Straw Poll: Independent Party’s endorsement affect on Ore. voters

When over 300 Oregon taxpayer activists were asked if the Independent Party endorsement would affect their opinion on issues, 29% said it was more likely. Coincidentally, that is about the same percentage as total combined Independent Party (3%) and non-affiliated voters (21%) presently in the state.  Could  it be that non-affiliated voters are still thinking of the Independent Party as non-affiliated voters, or do the non-affiliated voters truly follow the  lead of the Independent Party?

A half century ago, barely 2 percent of Oregon’s registered voters were neither Democrats nor Republicans. Three decades ago that share had swelled to 14 percent–about one in every seven voters. For the past decade, the “nonaffiliated” voters, as they are officially known, have hovered around 20 percent. Independent Party of Oregon

As of  the Jan. 2011 elections, this Oregon trend remained the same. Nonaffiliated are at 21%. The Independent Party has only 3% of the vote, all other Parties 2 ½%, Republicans with 32% and Democrats still holding the lead with 42%. Oregon State Elections, Jan. 2011

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Posted by at 04:15 | Posted in Uncategorized | 26 Comments |Email This Post Email This Post |Print This Post Print This Post
  • not a betting person

    There must be a point to the above post. What is it?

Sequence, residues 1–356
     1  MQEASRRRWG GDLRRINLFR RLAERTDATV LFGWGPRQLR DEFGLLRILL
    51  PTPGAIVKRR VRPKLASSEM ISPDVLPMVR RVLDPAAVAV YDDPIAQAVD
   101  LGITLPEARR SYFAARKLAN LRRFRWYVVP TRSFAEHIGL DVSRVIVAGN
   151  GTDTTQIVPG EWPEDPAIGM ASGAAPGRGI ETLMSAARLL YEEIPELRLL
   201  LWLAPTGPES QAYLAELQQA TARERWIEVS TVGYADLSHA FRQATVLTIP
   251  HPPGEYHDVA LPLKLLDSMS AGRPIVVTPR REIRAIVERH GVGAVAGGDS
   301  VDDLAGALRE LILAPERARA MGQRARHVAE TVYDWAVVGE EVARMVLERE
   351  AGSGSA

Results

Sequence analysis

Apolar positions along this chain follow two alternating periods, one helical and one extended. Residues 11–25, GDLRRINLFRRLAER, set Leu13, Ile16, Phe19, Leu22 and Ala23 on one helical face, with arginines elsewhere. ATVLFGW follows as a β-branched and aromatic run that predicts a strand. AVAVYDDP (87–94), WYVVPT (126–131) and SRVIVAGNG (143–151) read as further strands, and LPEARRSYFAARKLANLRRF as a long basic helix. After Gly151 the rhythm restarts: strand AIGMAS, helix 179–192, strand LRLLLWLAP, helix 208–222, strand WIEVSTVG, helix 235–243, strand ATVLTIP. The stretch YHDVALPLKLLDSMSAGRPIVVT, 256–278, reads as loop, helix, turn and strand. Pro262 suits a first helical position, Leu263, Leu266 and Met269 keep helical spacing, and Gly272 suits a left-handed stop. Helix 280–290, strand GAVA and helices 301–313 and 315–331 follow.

• CD1Chair

    In reality, the “Independent Party” should be dismisd as a scam. Last year, this “party” conducted an online Primary, and only about 4,000 of it’s reported 53,000 registered members took part. It’s pretty clear the rest of them signed up as “Independent” /thinking/ they were registering as “Not-Affiliated”.Rather than one of the larger minor parties, it’s actually one of the smallest.

  • Sal

    CD1 Chair – The Independent Party’s historic primary election was the largest minor party nominating process in Oregon history. More people voted in that election than the total membership of 3 minor parties in Oregon. This was the first binding statewide internet-only primary in U.S. history. It was far more successful than ANY of the Internet Primaries conducted by the Elections Assistance Corporation, and we appear to have inspired King County, Washington to conduct an internet primary for some municipal elections. It is the only minor party to have any measurable success in the Oregon legislature, and its candidates are faring much better in one-on-one races with major party candidates than any other minor party in Oregon history.

    By the way, 4-5 percent turnout is considered very good for internet voting, particularly for a first-time election administered at a party’s own expense rather than by the state. If we had the money we would have done vote-by-mail and quadrupled our turnout.

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